BBC News
watch One-Minute World News
Last Updated: Wednesday, 10 January 2007, 18:58 GMT
One dead as helicopters collide
Squirrel helicopters are used in training (pic Tim Hargreaves)

Two military helicopters have collided in mid-air, leaving one man dead and another three injured.

The crash happened at an airfield in Ternhill near Market Drayton in Shropshire, just before 1500 GMT.

The Squirrel aircraft were from the Defence Helicopter Flying School, based at RAF Shawbury.

One of those injured was airlifted to the North Staffordshire Hospital. Two others suffered minor injuries, the Ministry of Defence (MoD) said.

In a statement, the MoD added that there were two people in each of the helicopters and that a Board of Inquiry will now be held.

Helicopter crash scene (photo Tim Hargreaves)
An RAF rescue helicopter attended (pic Tim Hargreaves)

The accident happened over a reserve landing ground the flying school uses.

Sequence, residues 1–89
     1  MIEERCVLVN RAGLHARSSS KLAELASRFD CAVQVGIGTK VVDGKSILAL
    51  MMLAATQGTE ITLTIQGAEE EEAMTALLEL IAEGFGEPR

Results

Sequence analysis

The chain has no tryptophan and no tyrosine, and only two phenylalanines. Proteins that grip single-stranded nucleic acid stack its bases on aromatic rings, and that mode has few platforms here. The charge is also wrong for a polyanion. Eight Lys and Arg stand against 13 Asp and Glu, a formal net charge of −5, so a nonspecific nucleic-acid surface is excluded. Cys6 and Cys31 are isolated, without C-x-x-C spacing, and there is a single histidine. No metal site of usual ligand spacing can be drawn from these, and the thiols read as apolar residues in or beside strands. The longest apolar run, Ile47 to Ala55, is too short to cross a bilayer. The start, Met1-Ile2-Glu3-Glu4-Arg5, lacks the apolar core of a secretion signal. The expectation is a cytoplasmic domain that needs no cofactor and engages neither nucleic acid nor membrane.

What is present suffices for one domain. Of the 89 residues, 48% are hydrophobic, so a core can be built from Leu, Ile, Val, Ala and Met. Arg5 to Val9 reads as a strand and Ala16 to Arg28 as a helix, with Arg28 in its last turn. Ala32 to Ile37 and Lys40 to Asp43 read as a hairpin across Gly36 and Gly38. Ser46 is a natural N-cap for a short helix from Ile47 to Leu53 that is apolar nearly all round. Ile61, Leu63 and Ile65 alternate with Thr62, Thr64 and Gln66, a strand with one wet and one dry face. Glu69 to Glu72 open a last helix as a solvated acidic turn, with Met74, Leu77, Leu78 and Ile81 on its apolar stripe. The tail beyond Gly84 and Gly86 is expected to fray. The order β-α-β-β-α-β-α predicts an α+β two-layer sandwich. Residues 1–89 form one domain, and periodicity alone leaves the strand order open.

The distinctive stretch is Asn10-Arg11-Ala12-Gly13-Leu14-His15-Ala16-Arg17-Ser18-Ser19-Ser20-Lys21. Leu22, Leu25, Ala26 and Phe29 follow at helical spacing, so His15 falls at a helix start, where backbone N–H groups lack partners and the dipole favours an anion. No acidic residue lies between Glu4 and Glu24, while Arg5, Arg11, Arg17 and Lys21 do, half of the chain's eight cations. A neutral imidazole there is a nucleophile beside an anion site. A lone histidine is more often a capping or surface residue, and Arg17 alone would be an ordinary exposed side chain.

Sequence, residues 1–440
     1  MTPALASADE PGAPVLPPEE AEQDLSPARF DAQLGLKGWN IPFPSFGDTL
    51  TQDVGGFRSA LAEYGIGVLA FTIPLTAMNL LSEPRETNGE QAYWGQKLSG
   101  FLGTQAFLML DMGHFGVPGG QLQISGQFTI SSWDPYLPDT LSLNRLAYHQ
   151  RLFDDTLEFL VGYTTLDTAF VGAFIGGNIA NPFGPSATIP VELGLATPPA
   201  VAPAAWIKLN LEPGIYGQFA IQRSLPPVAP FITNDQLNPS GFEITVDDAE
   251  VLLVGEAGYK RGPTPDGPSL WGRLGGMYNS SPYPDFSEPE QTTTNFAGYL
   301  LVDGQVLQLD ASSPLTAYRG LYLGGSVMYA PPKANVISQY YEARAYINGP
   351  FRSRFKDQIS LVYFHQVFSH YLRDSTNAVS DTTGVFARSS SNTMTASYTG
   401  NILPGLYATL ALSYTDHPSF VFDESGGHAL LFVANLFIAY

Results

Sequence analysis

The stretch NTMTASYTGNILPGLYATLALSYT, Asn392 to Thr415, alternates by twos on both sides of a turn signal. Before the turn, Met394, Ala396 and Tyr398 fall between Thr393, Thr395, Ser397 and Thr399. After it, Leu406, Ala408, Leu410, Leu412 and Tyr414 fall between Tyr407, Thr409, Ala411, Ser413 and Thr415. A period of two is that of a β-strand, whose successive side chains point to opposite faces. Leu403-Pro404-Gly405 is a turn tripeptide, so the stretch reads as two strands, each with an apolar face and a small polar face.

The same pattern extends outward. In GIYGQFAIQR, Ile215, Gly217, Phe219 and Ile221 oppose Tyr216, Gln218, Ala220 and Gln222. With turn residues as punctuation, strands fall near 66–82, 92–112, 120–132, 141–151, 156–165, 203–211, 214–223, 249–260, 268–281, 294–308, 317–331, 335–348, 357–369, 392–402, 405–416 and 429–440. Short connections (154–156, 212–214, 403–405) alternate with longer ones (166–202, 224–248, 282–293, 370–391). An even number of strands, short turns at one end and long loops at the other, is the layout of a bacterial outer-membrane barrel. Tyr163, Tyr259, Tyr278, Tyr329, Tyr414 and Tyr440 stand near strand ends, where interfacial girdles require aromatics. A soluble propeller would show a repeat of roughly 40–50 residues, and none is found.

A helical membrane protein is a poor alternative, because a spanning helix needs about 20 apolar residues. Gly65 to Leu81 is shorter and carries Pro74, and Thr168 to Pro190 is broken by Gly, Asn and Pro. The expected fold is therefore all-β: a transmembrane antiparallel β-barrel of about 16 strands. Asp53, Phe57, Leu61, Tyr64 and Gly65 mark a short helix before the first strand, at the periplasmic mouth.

West Midlands Ambulance Service spokesman, Murray MacGregor, said: "Despite the best efforts of the military personnel at the site and ambulance crews, there was simply nothing that could be done to save the man.

"The second occupant, a male in his 30s, was airlifted to the trauma unit at North Staffordshire Infirmary in Stoke where medics were on standby for his arrival. He has suffered facial fractures and a head injury.

"The military personnel in the second helicopter were less seriously hurt. One had a leg injury, while the other had lacerations to his arms and legs."

The Squirrel is a two-seat trainer helicopter, used to instruct pilots of all three armed services.

An MoD spokeswoman said one of the aircraft was from the Central Flying School and the other from 660 Squadron, but both were part of the Defence Helicopter Flying School.

VIDEO AND AUDIO NEWS
Scene of the helicopter collision



RELATED INTERNET LINKS
The BBC is not responsible for the content of external internet sites



FEATURES, VIEWS, ANALYSIS
Has China's housing bubble burst?
How the world's oldest clove tree defied an empire
Why Royal Ballet principal Sergei Polunin quit

PRODUCTS & SERVICES

Americas Africa Europe Middle East South Asia Asia Pacific